While Beverley's aggregate numbers spiked last season because of his drastic increase in minutes, his per-100 possession stats are revealing. Almost every base statistical category is exactly the same by that measurement, with a few deviations, according to Basketball-Reference.
Beverley is taking slightly more three pointers (6.7 to 7.3) and making them a slightly worse rate (37.5% to 36.1%) than his rookie season. Taking the biggest dive on a per-100 possession basis were Beverley's rebound (from 7.6 to 5.6) and assist numbers (from 8.2 to 4.3). One very big positive is that his turnovers per 100 possessions dropped from 3.1 to 1.9.
All of this is to say that while Beverley is seemingly on a fast track of improvement when you look at his career arc, his production since moving to the starting position has been statistically stagnant, and possibly even a slight regression from last year.
There are other, more specific, areas of concern as well.
In 2013-14, according to NBAwowy.com, 75.7 percent of Beverley's shots were jumpers and only 11.1 percent of attempts were on drives to the basket. Pat's athleticism and motor make his game much better suited to play an aggressive driving role on offense but more than 3/4 of the time he is relegated to a jump shooter on offense.
While Beverley is a serviceable three point shooter, he is not what you would consider very reliable given the volume of his attempts. I'd much rather see him doing this more often:
Just to drive the point home, Houston holds a record of 28-6 all-time when Beverley scores in double figures. The longest double-digit scoring streak Beverley has ever been on is just four games.
But, I saved the best for last.
Last season, per 82games.com, James Harden led the entire league in points per 48 "clutch" minutes (49.0) and shoots 3-pointers at a pretty ridiculous 45.8 percent clip. Comparatively, Beverley shot a paltry 21.4 percent while attempting a team-leading 8.2 three point shots per "clutch" 48 minutes. Harden takes 8.1 three pointers per 48 "clutch" minutes.
Don't get me wrong, he has greatly improved overall as a player. He has a better handle of the NBA game and is more comfortable in his position on the team. My only point is that his number show a bit of a plateau over his transition to a starting role and that, as a result, the pressure will be higher than ever on Patrick to perform in critical moments in games.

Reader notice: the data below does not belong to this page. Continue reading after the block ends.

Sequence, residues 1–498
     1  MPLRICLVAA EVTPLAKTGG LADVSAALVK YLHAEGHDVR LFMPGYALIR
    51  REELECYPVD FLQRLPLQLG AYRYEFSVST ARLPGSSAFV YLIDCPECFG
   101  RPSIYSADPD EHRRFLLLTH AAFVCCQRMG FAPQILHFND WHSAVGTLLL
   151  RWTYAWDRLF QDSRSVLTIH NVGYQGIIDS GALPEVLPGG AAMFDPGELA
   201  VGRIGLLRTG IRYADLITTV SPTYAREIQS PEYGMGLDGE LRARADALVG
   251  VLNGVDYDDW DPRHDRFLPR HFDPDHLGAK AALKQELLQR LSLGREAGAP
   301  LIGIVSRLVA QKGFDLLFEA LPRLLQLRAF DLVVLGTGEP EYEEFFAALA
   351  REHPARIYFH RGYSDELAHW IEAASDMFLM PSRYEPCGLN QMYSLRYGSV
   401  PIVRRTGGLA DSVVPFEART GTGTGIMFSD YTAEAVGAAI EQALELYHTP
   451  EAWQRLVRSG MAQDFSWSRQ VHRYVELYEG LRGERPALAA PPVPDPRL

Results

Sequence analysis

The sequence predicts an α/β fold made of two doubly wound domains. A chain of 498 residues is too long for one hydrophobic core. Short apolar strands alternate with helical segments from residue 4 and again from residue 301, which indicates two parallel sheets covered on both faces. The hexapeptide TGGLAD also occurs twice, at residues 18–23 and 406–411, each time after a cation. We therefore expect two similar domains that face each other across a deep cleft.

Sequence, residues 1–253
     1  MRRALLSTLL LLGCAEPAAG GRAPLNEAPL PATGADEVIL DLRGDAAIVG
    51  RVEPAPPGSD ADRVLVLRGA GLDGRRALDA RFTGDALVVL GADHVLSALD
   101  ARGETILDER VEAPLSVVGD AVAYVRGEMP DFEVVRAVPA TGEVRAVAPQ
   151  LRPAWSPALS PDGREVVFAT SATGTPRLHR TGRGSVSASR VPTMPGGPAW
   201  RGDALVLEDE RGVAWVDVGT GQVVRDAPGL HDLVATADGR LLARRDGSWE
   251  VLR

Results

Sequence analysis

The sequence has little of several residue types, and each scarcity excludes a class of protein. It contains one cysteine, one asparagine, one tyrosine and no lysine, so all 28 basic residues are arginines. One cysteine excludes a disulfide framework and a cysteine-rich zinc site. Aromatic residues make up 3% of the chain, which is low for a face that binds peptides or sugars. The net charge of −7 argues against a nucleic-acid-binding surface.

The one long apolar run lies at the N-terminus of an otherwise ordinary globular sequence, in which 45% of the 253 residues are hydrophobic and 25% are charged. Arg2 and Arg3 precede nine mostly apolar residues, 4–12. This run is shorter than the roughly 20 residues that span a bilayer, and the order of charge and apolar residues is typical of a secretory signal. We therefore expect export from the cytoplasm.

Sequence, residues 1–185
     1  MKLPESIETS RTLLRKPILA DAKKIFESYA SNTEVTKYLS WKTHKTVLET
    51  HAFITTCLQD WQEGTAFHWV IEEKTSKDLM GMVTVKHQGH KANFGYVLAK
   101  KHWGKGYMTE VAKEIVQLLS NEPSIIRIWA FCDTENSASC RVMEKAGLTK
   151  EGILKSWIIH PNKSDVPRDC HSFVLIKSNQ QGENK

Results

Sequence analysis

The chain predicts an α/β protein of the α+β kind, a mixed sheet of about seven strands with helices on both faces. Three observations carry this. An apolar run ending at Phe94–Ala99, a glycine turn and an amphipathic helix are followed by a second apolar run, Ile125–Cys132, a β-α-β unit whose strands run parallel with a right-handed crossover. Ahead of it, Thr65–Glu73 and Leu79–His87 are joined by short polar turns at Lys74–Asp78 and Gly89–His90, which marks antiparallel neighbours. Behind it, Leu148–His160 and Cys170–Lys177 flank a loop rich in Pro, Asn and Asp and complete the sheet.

I have no doubts that once his contract is up that Houston will post a qualifying offer for Patrick Beverley and has a high likelihood of retaining him. None of what I have written is meant to suggest that Beverley cannot rise to the challenge. I have faith in his ability to rise to the occasion on offense in the role he has earned on the team. His work is cut out for him though; and he has an opportunity of a lifetime.
Mr. 94 feet, a nickname Beverley has wholeheartedly embraced, signifies his ability to cover the entire court on defense.
Technically, Beverley was listed as 25th in the league in distance traveled per 48 minutes for players who average over 15 minutes a game in 2013-14. According to SportsVU, Beverley traveled 130 miles in games last season. The point is, who cares?
Personally, Patrick Beverley's ability to put the ball through the hoop is significantly more important to me than his ability to move his body from one end of the court to the other. Patrick's defense and instincts are certainly elite, but he needs to become more of a two-way player to help push this team over the top (or at least into the second round).
As much as everyone (myself included) loves to love the Rockets that fight and claw their ways into our roster spots, we need the novelty of our players to manifest themselves in production on a consistent basis. There is certainly a method to Beverley's defensive madness, I just fear the method becoming an end in and of itself. Getting lost in the memes and caricatures of our players that are created by our collective Rockets consciousness has a tendency to blind us from the bigger picture about Houston's organizational development in the march to a championship.
Bottom line: Beverley needs to step it up on offense. His player identity and defensive DNA are crucial aspects of Houston's success, but his ability to dynamically and efficiently produce on offense will determine how far that success will take them. Fresh faces in the starting lineup and on the bench make Beverley's consistency and leadership this season all the more crucial.
I leave you, fine readers of TDS, with a compilation of the best of Patrick Beverley from last season -- enjoy!